Anti-Boko Haram militia in Nigeria frees 900 children: UN

The 894 children, including 106 girls, had been in the ranks of the government-backed Civilian Joint Task Force
boko haram nigeria
People pack the rest of their belongings following an attack, at the Sajeri village, on the outskirts of the Borno state capital, Maiduguri, on January 8, 2019. – Fighters of the Islamic State group-backed Boko Haram and loyal to the factional leader Abubakar Shekau attacked Sajeri village on the outskirts of the Nigerian city Maiduguri, killing three people. At the same time, militants aligned to Boko Haram faction attacked a military facility in Auno, some 23 kilometres (15 miles) south of the city. (Photo by Audu Ali MARTE / AFP)

Nearly 900 children held by a pro-government militia force fighting Boko Haram insurgents in northeastern Nigeria were freed on Friday, the UN said.

The 894 children, including 106 girls, had been in the ranks of the government-backed Civilian Joint Task Force (CJTF), a local militia which supports regular soldiers battling the Islamist insurgents.

At a ceremony in the northeastern town of Maiduguri, they were released as part of the CJTF’s “commitment to end and prevent the recruitment and use of children,” the UN children’s agency (UNICEF) said.

“Children of north-east Nigeria have borne the brunt of this conflict,” said UNICEF chief in Nigeria Mohamed Fall.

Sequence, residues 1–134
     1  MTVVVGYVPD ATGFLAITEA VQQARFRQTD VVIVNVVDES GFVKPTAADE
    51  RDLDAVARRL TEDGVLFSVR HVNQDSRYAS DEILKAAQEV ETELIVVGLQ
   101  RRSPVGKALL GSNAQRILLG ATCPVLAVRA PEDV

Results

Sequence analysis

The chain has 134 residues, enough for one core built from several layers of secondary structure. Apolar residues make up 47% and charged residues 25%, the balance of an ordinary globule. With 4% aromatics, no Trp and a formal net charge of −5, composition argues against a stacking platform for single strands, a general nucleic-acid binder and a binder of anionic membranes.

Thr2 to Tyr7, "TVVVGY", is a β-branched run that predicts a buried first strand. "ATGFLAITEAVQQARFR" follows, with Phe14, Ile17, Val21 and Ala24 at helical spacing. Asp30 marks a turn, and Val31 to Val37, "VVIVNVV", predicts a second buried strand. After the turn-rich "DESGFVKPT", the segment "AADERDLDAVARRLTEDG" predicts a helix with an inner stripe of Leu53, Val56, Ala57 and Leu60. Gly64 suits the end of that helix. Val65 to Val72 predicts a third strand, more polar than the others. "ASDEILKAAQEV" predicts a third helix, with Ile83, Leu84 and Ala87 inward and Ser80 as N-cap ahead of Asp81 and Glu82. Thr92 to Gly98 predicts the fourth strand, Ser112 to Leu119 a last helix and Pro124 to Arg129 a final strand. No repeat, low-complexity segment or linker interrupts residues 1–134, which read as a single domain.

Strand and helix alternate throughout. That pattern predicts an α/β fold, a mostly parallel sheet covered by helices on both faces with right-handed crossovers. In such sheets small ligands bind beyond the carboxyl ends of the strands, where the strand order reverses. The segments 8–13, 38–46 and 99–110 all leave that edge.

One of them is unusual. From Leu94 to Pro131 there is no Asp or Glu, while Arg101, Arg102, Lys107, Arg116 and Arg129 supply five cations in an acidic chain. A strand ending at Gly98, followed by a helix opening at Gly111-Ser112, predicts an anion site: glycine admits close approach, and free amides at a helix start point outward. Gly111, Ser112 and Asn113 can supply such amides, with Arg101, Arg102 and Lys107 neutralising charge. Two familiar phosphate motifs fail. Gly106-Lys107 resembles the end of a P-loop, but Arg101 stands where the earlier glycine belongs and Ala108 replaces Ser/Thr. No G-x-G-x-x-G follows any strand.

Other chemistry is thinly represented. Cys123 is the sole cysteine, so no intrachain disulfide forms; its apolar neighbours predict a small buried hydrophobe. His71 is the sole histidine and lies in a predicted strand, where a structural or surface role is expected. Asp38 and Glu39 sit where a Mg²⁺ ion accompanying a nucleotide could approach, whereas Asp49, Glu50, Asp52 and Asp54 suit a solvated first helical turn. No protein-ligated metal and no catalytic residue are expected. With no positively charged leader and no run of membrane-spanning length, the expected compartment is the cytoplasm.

“They have been used by armed groups in combatant and non-combatant roles and witnessed death, killing and violence.”

The CJTF is a militia formed in 2013 to protect communities from attack, but it has also recruited hundreds of children.

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In 2017, the militia signed a promise to stop recruiting child soldiers and release the ones they hold.

The children freed on Friday bring the total released since then to 1,727 children, UNICEF said.

It was not clear how many children remain in its ranks, but the UN welcomed the news on Friday.

“Any commitment for children that is matched with action is a step in the right direction for the protection of children’s rights, and must be recognised and encouraged,” Fall said.

The freed children will be enrolled into a reintegration programme with education and training to help them return to civilian life.

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Boko Haram’s decade-long uprising to establish a hardline Islamic state in Nigeria’s northeast has spilled into neighbouring Niger, Chad and Cameroon.

The jihadis have also recruited thousands of children to fight in their ranks.

“We will continue until there is no child left in the ranks of all armed groups in Nigeria,” Fall said, noting that children “have been abducted, maimed, raped and killed.”


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